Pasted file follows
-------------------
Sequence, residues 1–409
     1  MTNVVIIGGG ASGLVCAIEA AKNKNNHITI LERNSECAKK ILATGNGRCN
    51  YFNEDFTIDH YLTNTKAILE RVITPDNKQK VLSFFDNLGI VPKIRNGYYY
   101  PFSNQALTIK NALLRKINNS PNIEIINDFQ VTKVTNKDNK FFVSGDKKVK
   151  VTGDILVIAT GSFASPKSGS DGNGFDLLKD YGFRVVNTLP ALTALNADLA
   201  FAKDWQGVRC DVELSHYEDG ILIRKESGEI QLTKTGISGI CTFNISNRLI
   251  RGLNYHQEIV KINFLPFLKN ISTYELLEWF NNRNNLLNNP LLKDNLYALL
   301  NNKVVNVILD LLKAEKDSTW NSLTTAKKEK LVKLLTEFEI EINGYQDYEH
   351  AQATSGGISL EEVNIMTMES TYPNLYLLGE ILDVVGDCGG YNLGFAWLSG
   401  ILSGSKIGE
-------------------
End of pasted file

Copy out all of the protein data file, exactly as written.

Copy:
Sequence, residues 1–409
     1  MTNVVIIGGG ASGLVCAIEA AKNKNNHITI LERNSECAKK ILATGNGRCN
    51  YFNEDFTIDH YLTNTKAILE RVITPDNKQK VLSFFDNLGI VPKIRNGYYY
   101  PFSNQALTIK NALLRKINNS PNIEIINDFQ VTKVTNKDNK FFVSGDKKVK
   151  VTGDILVIAT GSFASPKSGS DGNGFDLLKD YGFRVVNTLP ALTALNADLA
   201  FAKDWQGVRC DVELSHYEDG ILIRKESGEI QLTKTGISGI CTFNISNRLI
   251  RGLNYHQEIV KINFLPFLKN ISTYELLEWF NNRNNLLNNP LLKDNLYALL
   301  NNKVVNVILD LLKAEKDSTW NSLTTAKKEK LVKLLTEFEI EINGYQDYEH
   351  AQATSGGISL EEVNIMTMES TYPNLYLLGE ILDVVGDCGG YNLGFAWLSG
   401  ILSGSKIGE